The joys of saving could rekindle a mighty dollar

HAMISH McRAE

George Soros thinks it, so it must be right. The recovery of the dollar, derided a few months ago, now suddenly seems more secure. Indeed, people who were predicting a downward direction for the dollar for ever and a day are venturing the cautious judgement that for a few months at least the recovery should continue. The more radical catch the scent of something more lasting.

The short-term story is a simple one. The dollar weakness of mid-summer had gone too far, particularly against the yen. True, the underlying current account imbalance between the two countries remains as large as ever, with the US current account stuck at a deficit of 2.5 per cent of GDP and the Japanese at a surplus of 2.5 per cent of GDP. But the fiscal position of the US is much stronger than that of Japan - a deficit of 1.8 per cent of GDP, while Japan is projected to run a deficit of more than 4 per cent of GDP both this year and next.

This disparity is partly because they are at different stages of the economic cycle, but if you allow for pension liabilities, the US situation is not only vastly better, but projected to be much better through the first 30 years of the next century.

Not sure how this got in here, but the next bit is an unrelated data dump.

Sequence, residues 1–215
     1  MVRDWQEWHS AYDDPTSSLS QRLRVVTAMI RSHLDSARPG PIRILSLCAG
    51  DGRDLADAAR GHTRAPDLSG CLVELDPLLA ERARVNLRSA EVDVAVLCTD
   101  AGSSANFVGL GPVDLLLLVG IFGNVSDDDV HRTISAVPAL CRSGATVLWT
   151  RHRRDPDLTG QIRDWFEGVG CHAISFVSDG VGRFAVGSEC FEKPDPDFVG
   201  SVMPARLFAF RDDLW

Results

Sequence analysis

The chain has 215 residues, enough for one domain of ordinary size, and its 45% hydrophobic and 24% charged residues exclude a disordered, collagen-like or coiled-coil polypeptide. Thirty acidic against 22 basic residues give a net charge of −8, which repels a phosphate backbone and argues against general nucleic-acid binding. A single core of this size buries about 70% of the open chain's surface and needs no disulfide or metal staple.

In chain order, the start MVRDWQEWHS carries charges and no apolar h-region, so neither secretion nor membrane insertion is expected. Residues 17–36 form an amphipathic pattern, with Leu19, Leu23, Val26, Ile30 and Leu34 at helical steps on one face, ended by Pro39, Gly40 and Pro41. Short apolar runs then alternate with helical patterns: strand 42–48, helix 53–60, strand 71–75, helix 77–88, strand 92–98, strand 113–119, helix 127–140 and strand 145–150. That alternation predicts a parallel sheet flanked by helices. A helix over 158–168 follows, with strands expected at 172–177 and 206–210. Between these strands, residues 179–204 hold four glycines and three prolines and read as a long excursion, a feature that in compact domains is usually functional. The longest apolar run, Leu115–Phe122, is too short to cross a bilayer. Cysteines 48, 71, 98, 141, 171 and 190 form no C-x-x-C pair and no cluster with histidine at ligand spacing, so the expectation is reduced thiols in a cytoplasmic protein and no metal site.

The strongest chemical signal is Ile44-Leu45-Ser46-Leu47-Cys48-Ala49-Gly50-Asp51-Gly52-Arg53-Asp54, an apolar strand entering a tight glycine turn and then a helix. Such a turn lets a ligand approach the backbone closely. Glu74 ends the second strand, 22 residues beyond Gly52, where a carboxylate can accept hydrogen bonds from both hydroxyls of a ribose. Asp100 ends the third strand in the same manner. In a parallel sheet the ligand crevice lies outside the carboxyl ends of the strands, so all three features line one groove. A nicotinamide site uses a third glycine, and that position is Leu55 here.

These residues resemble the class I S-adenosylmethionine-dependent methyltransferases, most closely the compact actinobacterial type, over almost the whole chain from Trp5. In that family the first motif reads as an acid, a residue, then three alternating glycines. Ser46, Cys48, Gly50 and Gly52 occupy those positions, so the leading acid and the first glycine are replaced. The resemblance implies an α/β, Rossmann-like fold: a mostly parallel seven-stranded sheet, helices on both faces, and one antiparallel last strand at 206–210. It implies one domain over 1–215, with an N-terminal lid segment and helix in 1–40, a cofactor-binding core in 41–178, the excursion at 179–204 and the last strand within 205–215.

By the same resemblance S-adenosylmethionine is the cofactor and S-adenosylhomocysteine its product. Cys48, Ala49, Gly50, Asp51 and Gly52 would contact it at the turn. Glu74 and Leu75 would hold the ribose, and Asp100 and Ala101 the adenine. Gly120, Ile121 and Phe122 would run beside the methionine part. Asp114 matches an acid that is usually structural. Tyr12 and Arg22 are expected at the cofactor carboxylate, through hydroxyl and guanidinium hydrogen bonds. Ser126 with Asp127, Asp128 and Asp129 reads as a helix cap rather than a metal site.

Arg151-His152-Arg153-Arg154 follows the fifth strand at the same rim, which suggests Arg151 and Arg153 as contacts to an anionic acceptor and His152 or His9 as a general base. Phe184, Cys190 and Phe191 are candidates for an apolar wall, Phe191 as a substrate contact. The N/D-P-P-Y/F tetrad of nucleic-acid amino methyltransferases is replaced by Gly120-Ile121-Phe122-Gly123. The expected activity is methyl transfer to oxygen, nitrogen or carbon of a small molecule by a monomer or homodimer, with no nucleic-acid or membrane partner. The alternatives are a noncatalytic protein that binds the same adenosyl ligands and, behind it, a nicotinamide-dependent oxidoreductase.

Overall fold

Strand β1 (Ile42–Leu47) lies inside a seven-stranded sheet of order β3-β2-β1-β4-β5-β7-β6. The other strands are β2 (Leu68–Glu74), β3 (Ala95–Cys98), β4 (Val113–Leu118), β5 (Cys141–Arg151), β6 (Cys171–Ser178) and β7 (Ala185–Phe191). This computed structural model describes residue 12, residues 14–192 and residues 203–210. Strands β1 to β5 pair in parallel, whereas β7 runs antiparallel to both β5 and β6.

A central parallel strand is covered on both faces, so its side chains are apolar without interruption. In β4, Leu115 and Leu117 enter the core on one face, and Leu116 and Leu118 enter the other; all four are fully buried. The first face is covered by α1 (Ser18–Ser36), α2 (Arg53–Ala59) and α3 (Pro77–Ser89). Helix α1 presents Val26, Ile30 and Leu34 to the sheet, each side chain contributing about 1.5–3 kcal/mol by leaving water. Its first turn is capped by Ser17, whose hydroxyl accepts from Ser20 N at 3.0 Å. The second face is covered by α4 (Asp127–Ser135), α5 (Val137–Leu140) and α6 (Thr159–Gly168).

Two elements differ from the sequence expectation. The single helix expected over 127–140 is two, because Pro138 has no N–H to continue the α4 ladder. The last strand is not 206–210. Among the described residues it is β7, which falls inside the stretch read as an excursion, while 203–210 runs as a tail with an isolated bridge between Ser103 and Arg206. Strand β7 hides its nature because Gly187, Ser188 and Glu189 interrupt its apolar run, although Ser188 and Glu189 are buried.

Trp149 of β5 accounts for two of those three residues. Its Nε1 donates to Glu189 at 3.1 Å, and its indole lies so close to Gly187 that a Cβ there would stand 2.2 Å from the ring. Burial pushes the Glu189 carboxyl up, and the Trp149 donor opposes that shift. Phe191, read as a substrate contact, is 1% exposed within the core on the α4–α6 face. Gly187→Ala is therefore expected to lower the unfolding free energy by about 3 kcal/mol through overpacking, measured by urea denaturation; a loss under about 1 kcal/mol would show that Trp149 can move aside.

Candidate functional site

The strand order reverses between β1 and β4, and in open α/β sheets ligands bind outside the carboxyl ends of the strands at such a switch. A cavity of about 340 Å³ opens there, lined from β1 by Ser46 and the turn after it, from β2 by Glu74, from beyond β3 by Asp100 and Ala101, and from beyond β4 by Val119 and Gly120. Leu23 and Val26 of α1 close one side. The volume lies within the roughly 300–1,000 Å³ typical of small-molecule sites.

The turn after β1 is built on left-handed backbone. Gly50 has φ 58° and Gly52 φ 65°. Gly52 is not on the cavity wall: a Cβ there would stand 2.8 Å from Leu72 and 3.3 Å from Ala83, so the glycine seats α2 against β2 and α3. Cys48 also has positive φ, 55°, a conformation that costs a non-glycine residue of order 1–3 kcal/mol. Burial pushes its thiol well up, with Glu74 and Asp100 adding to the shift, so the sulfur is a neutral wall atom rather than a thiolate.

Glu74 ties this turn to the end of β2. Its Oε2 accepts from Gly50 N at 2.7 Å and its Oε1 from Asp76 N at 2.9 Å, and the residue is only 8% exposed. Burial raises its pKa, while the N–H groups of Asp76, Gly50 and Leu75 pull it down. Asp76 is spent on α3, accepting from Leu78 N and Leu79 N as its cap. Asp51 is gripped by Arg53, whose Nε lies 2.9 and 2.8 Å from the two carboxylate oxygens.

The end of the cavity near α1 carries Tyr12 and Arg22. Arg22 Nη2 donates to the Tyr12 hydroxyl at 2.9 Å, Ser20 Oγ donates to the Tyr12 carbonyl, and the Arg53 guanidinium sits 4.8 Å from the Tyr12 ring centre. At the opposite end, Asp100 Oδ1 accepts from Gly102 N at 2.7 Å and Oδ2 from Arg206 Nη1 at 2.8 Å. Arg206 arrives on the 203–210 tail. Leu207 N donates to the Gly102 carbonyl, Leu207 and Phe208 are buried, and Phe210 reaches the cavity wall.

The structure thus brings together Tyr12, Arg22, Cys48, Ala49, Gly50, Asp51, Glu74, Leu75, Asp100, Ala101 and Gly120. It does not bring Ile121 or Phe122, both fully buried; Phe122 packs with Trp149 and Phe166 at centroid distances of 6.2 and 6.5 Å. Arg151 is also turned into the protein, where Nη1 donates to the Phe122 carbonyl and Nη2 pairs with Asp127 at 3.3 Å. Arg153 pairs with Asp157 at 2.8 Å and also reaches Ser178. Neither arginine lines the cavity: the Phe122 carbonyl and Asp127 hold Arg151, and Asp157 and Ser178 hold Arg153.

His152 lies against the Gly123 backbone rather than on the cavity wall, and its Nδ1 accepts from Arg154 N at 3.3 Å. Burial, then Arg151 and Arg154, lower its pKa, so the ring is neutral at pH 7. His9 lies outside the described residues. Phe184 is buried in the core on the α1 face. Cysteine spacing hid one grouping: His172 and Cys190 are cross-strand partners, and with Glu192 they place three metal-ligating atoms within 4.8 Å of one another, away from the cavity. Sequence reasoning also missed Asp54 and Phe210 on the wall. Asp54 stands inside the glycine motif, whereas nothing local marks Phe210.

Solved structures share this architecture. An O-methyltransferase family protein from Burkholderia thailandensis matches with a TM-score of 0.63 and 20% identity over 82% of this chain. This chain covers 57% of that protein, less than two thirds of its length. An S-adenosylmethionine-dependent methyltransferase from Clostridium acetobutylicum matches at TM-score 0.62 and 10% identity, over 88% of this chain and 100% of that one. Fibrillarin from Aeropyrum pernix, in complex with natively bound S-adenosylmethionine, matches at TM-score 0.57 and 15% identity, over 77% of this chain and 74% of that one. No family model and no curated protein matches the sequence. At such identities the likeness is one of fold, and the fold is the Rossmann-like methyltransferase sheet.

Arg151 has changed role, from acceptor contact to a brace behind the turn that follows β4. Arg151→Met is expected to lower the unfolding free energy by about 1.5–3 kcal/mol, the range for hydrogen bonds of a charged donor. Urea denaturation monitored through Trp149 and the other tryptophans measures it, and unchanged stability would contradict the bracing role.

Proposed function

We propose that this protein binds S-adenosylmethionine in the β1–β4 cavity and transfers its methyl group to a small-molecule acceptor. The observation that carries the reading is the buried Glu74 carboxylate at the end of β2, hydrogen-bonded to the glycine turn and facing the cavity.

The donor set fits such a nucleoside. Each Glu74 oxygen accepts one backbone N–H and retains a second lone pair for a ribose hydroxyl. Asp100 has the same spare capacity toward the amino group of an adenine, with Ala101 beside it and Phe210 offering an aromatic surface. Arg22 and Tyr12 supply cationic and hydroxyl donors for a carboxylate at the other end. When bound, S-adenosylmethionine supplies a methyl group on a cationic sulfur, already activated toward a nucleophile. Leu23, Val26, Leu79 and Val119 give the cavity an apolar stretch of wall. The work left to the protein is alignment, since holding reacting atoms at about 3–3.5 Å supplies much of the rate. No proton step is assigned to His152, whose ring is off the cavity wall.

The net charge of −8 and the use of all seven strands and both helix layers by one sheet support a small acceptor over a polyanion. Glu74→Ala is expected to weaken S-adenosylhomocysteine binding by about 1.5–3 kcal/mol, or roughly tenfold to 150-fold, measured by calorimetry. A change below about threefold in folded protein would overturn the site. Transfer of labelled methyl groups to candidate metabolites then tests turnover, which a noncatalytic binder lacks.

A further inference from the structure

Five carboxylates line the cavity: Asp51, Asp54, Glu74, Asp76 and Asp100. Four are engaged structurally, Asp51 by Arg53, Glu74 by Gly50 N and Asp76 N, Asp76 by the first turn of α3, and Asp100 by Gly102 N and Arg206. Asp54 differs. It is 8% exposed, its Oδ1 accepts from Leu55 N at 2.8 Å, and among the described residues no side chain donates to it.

Against Japan, the case for a recovery is particularly sharp because of the degree of over-valuation of the yen. Against Germany, though the mark is also somewhat high on a purchasing power parity basis, the case is more on the changing economic fundamentals.

Whereas before reunification Germany had a large current account surplus and frequently also ran a fiscal surplus, now it has neither. It is in current account deficit to the tune of close to 1 per cent of GDP, and has a fiscal deficit of more than 2 per cent of GDP (acceptable but significantly larger than that of the US).

This would be enough of a case to underpin a straightforward bounce back by the dollar against both the yen and the mark, but there are two much more interesting possibilities. The first is that we are seeing not just a bounce, but a solid medium-term recovery. This view was articulated last month, before the recent recovery was really under way, by NatWest Capital Markets, whose projections are shown in the graph.

This is expressed in trade-weighted terms, but translated into currency rates, it would suggest, according to NatWest, a dollar peaking at 125 in two years, a DM1.80 rate, and a sterling rate of $1.25. (British would- be holiday-makers, planning a trip in 1997 should wait a bit: NatWest projects the pound back up at $1.57 by December 2000!)

NatWest has three main reasons for this view: real interest rate differentials shifting in its favour; a serious move to a balanced budget in the US; and a secular improvement in the current account. But, as the bands on the graph show, NatWest also believes the secular trend is still downwards.

That may well prove right, but it leads to the tantalising possibility that the very long-term downward trend of the dollar may reverse itself during the next century.